The End of the Writers’ Strike, Explained

Protesters join the picket line outside Fox Studios on September 28, 2023, in Los Angeles, California. (Photo by David Livingston/Getty Images)

The Writer’s Guild of America (WGA) and the Alliance of Motion Picture and Television Producers (AMPTP) have finally agreed to terms that will end the five-month strike that has ground Hollywood productions to a halt. 

The WGA began a nearly 150-day strike on May 2 over issues with streaming compensation and fears over how artificial intelligence (AI) will affect writers’ jobs. The Screen Actors Guild (SAG-AFTRA) followed course in July. But on Tuesday, the WGA announced that its negotiating committee was in unanimous agreement about the proposed deal and suspended the strike as of early Wednesday morning. 

With the strike officially over, 11,500 writers guild members will be permitted to return to work as of Wednesday. According to the WGA, the agreement’s victories include: a 5 percent minimum pay increase with additional increases in the next two years; stricter rules against AI usage; new residuals agreements tied to viewership with greater transparency; and improved contributions for benefits—a notable improvement for filmmakers who largely hop from gig-to-gig. 

Meanwhile, SAG-AFTRA remains on strike, with the actors guild yet to announce future meetings with AMPTP. As 160,000 members continue picketing, though, talks could resume as early as next week, Deadline reported.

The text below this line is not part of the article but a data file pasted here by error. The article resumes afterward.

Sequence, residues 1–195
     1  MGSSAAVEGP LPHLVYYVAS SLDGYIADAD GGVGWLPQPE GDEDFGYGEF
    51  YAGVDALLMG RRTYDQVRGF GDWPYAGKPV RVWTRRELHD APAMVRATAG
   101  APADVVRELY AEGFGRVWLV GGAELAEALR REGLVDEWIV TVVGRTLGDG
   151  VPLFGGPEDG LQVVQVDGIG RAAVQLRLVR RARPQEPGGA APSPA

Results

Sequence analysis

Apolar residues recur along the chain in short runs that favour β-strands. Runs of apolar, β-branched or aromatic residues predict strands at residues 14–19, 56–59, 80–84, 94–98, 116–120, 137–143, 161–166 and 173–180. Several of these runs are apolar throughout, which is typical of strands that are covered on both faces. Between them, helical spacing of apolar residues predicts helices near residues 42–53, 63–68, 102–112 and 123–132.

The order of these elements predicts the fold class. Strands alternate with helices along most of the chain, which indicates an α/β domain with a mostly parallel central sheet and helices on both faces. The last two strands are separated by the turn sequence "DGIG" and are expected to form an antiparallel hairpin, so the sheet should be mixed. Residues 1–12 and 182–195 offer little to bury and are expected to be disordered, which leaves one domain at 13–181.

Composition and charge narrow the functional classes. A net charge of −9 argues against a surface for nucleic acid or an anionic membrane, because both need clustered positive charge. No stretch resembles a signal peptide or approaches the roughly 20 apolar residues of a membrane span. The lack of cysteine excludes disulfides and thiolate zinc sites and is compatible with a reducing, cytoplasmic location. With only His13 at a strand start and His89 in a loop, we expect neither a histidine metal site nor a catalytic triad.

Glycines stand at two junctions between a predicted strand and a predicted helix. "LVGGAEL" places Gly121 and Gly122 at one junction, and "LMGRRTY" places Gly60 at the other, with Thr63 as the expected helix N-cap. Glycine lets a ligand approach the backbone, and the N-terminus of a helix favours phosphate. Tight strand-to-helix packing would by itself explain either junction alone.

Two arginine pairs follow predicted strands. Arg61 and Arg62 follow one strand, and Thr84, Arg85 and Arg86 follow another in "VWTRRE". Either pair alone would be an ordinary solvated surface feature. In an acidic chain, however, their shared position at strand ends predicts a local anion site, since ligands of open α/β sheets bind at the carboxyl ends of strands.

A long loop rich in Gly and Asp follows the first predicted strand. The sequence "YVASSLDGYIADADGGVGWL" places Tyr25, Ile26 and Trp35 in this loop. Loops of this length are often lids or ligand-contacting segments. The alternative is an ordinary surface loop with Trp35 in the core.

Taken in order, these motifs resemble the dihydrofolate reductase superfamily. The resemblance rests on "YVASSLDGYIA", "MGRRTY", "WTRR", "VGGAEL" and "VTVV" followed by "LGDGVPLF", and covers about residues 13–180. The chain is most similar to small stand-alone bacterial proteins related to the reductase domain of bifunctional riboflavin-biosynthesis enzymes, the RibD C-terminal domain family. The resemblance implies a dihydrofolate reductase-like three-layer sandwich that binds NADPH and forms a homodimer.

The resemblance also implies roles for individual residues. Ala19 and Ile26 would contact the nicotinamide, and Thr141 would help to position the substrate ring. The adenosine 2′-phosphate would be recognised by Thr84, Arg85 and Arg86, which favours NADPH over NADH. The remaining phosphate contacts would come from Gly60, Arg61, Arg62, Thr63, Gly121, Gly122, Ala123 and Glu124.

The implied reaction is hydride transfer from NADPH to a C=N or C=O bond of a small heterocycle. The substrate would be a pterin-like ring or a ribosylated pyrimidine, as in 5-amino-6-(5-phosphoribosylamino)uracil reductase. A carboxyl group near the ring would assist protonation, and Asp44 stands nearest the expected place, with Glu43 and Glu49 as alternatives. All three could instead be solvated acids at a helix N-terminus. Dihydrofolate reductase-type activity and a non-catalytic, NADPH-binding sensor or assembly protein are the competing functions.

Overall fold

What started the strike? 

Changes in technology have greatly changed the filmmaking landscape over the past decade, with streaming and subscription services largely supplanting theatrical releases or broadcast television as a primary source of entertainment. 

Victims of the new normal have been recipients of residuals—actors and filmmakers who receive long-term payments for reruns, based on union agreements—who have seen fewer returns from their work on streaming platforms such as Netflix and Disney+. Streaming platforms are generally less transparent about digital viewership for particular programs than broadcast networks, and have offered limited compensation options in their contracts for long-term viewership. Broadcast networks have historically paid screenwriters and actors through syndication fees and continued advertising revenues.

“Streaming services have hit our residuals in such a way,” actor Jason Masden, whose most well-known work was in the 1990s on the sitcoms Full House, Boy Meets World, and the motion picture A Goofy Movie, tells The Dispatch. “I have quite a few properties that have been available via streaming for quite a few years now that I know for a fact are putting in those ‘minutes viewed.’ The residuals received for those projects have either been nonexistent or underwhelming compared to the saturation.”